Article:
Aug 17, 2015

Find Wonder Every Day

Several years ago, I came across this TED talk by Elizabeth Gilbert. If you are a fan of either her or TED talks, I'm sure you've watched it at least once. I come back to it yearly, when I'm full of doubt, when I need a little inspiration, when I need a reminder that there are things I'd like to accomplish beyond the get up go to work come home soul-sucking cycle that can so easily become our lives. 

Knowing this, it probably won't come as a surprise that I'm a fan of her new podcast, Magic Lessons.
A couple of weeks ago, I was listening and heard the advice to find WONDER in everyday things. It resonated with me for several reasons. 

1. I applied for a job earlier this year that I didn't get. 

It was a job I would have been awesome at, and I found out, after, that I was third. But really second because they courtesy interviewed someone already at this institution. Finding out where I stood is both exciting and frustrating - it's the almost, so close, but not quite that lets me know I'm on the right path, I'm doing the right things, and for whatever reason, it's not my turn. 

2. I'm going back to a job that I love and get frustrated by in ebbs and flows

I LOVE teaching, love interacting with teenagers. I don't love that I will have nearly 200 students in six classes, that the workload nearly buries me at times, and that every Tom, Dick and Harry seems to have a theory and an opinion about why education in our country isn't awesome. I'm passionate about education, follow updates and theories, brain-based learning and best strategies, and at the same time, work very VERY hard to not see any of the comments sure to follow any of these articles because it is flat-out hurtful. 

3. I'm querying a novel

I've been working on this book for a long time. Part of it was so I could find my writer voice, part of it was to figure out the necessary structure of the book. Twenty thousand words into the book, I broke my hand - then had it reconstructed. 

In January, when I was setting my New Year's goals, I wrote "Put my whole self into The Light Behind the Clouds." I felt then, and still feel, that this is a book that conveys what I want to say to the world, the does it in a manner that is true to my writer self. But the tricky thing about querying is there are going to be rejections - it's the nature of the beast.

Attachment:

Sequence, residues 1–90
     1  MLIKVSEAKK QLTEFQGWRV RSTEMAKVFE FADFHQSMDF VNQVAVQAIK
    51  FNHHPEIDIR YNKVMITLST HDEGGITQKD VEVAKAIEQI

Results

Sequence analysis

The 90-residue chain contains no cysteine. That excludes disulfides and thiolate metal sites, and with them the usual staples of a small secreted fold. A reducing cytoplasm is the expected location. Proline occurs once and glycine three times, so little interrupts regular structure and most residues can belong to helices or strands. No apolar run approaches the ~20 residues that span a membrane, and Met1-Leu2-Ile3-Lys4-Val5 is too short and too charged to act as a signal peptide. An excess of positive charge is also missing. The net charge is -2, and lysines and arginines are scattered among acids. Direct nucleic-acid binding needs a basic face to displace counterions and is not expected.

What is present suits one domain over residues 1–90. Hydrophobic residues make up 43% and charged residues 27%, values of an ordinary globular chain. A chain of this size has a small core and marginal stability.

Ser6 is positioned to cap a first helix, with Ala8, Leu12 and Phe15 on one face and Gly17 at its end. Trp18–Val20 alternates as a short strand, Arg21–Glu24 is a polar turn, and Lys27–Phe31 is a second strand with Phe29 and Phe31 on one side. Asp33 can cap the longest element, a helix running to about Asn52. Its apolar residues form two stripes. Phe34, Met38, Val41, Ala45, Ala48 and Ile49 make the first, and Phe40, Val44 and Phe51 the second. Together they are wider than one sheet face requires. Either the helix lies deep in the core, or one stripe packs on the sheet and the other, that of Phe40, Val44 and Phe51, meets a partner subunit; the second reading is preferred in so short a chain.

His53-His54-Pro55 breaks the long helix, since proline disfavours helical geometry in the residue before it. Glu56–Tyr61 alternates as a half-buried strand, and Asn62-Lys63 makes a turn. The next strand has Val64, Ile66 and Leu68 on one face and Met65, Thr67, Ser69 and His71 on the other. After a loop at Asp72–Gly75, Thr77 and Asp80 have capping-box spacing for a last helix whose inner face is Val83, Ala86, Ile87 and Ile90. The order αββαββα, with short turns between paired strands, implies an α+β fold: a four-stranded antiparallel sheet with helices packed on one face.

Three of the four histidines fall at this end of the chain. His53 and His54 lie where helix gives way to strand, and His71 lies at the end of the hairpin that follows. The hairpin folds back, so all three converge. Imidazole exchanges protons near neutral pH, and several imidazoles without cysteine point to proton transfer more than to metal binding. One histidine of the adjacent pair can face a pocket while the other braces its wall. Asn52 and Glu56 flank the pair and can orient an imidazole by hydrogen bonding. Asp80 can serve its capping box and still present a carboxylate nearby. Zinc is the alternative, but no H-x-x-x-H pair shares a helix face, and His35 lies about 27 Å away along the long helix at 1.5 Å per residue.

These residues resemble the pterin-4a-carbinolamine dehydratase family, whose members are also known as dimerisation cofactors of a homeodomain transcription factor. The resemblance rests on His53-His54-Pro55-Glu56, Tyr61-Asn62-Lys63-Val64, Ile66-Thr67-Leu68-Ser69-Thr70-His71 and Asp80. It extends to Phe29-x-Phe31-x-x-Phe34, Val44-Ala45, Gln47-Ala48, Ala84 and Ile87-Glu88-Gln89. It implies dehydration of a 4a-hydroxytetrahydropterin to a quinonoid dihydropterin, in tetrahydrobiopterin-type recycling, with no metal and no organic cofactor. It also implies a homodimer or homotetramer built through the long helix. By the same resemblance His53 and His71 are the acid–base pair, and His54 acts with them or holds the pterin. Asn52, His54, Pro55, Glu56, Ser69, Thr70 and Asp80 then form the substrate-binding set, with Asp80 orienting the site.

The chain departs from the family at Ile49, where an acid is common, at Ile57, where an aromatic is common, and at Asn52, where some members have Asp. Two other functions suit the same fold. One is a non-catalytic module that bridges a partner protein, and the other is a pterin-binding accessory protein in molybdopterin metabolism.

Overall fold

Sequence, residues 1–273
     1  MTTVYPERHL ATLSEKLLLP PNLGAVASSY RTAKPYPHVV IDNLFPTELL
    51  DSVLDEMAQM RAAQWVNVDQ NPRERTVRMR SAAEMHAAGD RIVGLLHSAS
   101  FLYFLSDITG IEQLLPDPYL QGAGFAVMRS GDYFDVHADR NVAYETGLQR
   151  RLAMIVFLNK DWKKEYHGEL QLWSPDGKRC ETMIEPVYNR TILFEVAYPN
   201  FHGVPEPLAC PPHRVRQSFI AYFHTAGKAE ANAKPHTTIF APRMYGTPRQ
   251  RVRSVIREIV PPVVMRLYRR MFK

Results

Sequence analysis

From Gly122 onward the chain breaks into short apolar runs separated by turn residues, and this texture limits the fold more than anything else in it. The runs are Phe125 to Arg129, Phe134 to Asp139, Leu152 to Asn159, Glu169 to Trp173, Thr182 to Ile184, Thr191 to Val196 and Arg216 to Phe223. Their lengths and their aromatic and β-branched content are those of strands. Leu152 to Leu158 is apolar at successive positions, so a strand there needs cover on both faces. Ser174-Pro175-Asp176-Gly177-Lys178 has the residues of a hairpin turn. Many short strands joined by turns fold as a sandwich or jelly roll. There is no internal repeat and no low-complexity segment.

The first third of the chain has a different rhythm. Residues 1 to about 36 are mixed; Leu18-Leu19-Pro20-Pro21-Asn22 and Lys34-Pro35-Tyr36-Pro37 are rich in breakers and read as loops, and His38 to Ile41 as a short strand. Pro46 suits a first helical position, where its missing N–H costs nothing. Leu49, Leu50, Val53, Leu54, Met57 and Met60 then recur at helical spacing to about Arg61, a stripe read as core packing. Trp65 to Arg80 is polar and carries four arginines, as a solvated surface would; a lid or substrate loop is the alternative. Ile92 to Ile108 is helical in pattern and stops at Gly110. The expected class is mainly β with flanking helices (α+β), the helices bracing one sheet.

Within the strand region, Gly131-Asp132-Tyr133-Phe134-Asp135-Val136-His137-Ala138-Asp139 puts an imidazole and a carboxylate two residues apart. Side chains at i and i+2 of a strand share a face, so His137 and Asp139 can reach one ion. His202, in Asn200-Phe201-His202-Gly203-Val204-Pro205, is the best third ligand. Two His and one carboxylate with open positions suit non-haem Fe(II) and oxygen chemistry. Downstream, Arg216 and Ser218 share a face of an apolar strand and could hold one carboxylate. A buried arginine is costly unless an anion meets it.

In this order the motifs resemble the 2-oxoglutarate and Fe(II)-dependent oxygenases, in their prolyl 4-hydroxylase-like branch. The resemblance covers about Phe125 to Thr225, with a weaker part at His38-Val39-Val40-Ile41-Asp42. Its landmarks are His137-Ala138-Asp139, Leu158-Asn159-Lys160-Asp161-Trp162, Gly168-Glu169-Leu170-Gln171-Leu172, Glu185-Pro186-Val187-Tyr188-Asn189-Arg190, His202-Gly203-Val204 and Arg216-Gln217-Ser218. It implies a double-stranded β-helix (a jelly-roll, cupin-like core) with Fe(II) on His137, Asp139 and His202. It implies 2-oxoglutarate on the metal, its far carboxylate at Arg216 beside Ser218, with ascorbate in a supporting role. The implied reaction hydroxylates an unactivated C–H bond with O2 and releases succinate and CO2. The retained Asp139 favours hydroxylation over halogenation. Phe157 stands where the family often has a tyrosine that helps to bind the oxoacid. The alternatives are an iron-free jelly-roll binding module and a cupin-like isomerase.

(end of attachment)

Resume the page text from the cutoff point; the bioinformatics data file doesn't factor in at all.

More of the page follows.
The first dozen rejections were form rejections, with one being simply a sentence of declination "Send from my iPad." 

Through this, I'm trying to find the wonder. I'm trying to maintain joy in the journey. I refer to these experiences as character builders, things I'll be able to look back on with a smile LATER, when I have my dreams. I have reason to believe this will happen because it's happened before, but that's a difficult thing to remember when I'm in the middle of it. 

But now, I'm working on wonder. That might be in a poignant poem, a song that stills my soul, a hug from a child after sixteen million eye rolls, or even holding hands with the guy who I continually fall in love with. These are things that can still bring wonder, things I can hold to when the wonder of other aspects isn't quite so prevalent. 

How have you found wonder in the every day things? What do you know you can count on to help you feel happiness? 


JeffO said...

I suspect most of the problems with education in America start with over-administration, which I think is a problem throughout America in general. I have always been amazed at the amount of work and dedication that most teachers exhibit. It's a demanding job, and it's terrible that we as a society don't respect teachers as much as we should.

Best of luck with your query, and with everything!

Susan Gourley/Kelley said...

As a former teacher, I understand what you're saying. No one wants to blame the problem with American education is that kids don't come to school wanting to learn. The problem is at home and schools keep trying to come up with ways to overcome that and it's not possible.
Good luck with your book query.
I'm struck with wonder nearly every day about how beautiful it is outside. All the green, the wildlife and birds, the clear skies and fresh air.

Susan Says

Alex J. Cavanaugh said...

My wife is really good at finding wonder in things.
Two hundred kids is a lot.
You do need a sense of wonder for this publishing journey. Because the journey is half the fun.